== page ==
Potato (and Potato flour for baking)




Red Peppers



Silver Beet


Sugar Cane and sugar cane products such as molasses, treacle, golden syrup, and brown and white sugar. Brown sugar and molasses are best, of course, as these contain chromium and other minerals and vitamins which are absent in white sugar. Unadulterated Honey is also gluten free. Maple Syrup is also gluten free.



Sweet Potato (kumara)








FRUIT JUICES.  All fruit juices are gluten free. However, these should be taken in moderation, especially if your bowels are not yet operating normally. Sometimes citrus fruit juices are added to fruit-juice mixes- citrus fruits can be  problematic for some people.  In extreme cases, it might be best to avoid fruit juices until health is restored.  Some people find a grape juice fast, or an apple juice fast to be helpful in the beginning of a treatment: best to get some professional advice on this before you attempt a juice fast, though.

Gluten Free Protein Foods:

You can eat any of the following gluten-free foods:  Almonds,  Cashews, Walnuts,  Avocado, Fish, Meat, Tempeh, Tofu, Eggs,   Nuts, Pumpkin Seeds, Sunflower Seeds, Sesame Seeds.

All Dairy Products- butter, cream, cheese, milk, are gluten free. However, some people might be best to leave dairy foods alone until they have recovered. Butter is generally tolerated by most people, even if they have sensitivites to milk and cheese. Butter is an ideal cooking fat, as it does not make the toxins which most oils do when heated.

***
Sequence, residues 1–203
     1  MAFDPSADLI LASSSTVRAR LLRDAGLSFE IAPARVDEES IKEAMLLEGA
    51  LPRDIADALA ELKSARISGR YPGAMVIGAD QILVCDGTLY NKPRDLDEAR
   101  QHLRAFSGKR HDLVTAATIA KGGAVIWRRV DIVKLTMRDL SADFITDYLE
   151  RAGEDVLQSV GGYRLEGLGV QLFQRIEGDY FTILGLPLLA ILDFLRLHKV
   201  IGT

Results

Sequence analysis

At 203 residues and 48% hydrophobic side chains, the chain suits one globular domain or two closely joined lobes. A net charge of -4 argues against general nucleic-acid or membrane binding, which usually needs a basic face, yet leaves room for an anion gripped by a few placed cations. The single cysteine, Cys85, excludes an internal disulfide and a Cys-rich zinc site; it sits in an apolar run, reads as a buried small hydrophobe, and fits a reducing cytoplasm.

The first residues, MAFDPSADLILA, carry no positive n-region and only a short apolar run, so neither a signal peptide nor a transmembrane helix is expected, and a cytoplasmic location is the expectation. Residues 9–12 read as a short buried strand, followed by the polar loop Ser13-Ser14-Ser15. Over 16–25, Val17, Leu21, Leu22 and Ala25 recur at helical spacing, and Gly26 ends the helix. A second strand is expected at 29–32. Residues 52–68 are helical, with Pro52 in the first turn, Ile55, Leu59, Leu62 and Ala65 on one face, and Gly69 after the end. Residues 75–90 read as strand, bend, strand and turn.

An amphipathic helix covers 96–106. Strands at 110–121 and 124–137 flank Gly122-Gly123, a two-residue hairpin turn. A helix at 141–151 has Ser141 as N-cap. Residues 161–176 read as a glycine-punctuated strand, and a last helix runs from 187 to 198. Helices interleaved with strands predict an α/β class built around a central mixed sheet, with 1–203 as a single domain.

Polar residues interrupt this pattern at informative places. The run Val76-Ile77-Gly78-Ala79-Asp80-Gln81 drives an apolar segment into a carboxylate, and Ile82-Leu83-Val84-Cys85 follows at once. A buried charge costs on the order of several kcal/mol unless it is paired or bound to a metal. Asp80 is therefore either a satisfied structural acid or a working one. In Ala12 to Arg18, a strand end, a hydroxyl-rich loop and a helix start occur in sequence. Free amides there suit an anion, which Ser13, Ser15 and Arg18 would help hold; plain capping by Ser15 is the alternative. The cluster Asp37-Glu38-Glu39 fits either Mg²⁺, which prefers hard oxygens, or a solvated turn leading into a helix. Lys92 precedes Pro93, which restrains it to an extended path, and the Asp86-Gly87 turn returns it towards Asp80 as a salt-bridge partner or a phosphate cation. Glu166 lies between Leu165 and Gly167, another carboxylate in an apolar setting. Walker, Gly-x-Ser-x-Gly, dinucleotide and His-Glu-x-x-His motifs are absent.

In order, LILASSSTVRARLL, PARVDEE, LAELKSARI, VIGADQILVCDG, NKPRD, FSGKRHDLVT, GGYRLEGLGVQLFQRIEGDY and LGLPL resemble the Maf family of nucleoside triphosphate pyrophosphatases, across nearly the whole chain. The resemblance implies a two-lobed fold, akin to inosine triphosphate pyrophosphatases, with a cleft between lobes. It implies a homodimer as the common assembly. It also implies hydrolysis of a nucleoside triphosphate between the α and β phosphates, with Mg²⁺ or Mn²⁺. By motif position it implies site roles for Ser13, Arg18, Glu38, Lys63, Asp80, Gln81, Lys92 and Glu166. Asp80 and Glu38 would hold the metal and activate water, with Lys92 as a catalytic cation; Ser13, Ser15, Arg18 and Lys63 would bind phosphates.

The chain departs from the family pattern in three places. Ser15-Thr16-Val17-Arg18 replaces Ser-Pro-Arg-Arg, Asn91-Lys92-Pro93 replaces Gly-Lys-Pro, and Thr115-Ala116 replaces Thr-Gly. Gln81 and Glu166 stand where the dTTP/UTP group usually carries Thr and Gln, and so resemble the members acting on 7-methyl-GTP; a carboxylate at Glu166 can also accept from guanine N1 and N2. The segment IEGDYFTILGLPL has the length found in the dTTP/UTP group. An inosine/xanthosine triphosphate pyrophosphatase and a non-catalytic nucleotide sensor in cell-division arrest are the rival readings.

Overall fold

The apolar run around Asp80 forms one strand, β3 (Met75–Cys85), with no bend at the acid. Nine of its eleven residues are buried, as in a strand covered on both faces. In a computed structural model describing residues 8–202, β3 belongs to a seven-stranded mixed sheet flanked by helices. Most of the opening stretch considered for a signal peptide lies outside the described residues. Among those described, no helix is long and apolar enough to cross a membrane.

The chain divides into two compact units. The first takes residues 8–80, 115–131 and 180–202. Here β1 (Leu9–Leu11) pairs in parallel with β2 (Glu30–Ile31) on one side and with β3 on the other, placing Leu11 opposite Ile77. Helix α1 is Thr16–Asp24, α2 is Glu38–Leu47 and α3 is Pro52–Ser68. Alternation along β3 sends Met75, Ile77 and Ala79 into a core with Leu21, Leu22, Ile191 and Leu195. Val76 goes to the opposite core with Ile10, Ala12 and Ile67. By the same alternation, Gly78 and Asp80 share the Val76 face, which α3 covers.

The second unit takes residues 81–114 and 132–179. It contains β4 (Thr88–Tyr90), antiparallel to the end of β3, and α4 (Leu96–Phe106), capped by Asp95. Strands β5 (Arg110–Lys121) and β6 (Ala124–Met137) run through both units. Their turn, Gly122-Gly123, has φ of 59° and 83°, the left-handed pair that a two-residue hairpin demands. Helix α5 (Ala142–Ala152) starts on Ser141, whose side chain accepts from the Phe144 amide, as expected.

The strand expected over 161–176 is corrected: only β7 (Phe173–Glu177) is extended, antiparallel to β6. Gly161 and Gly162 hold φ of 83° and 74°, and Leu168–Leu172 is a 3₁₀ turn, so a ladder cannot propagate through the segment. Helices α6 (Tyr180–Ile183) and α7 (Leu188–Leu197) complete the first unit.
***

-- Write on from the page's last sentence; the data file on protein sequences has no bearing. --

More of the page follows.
All natural protein foods are gluten free. This means you can eat any fish or shell fish, all meats, beef, chicken or mutton, and eggs. Of course, you will try to choose free range products. Tofu, a soy bean curd, is a very good protein-rich food, ideal for people on strict vegetarian diets.



Fish –  cod, eel, herrings, lemon fish, mackerel, mullet, mussels, oysters, sardines, salmon, snapper, terakihi, tuna



Shell fish


Protein-Rich Milks –  All the following are gluten free:

Almond milk

Coconut milk

Cow’s milk

Camel’s milk

Goat’s milk

Nut milk – made from cashews, or hazelnuts or brazil nuts or walnuts

Rice milk

Soy milk

Nuts, Pulses and Seeds-

All nuts, pulses and seeds listed here are gluten free. You can choose from:

Alfalfa – cooked, sprouted, or made into a tea


Black eyed beans or peas

Broad beans – dried or fresh from the vine


Chick peas – cooked, or sprouted, or used as a flour


Lima beans

Macadamia nuts

Mung beans (cooked or sprouted)

Peas and pea flour


Pumpkin seeds

Red Kidney beans

Soy beans

Sunflower Seeds

Tiger beans

Vegetable Oils are Gluten Free

All the following oils are gluten free,  and most are rich sources of Vitamin E and other goodies.

Almond Oil

Avocado oil

Corn oil

Grape seed oil

Olive oil

Peanut Oil

Rice bran oil

Peanut oil

Safflower oil

Soy oil

Sunflower seed oil

Wheatgerm Oil

See merrilyn’s new post entitled  Gluten Free Recipes. You might like to visit  the new site, Gluten Free Cookies.info

HAVE FUN experimenting with this complete list of gluten free foods, as yet to be completed, but we’re almost there.

See Merrilyn’s song, ‘Marianne, Let Us Be’ on Youtube: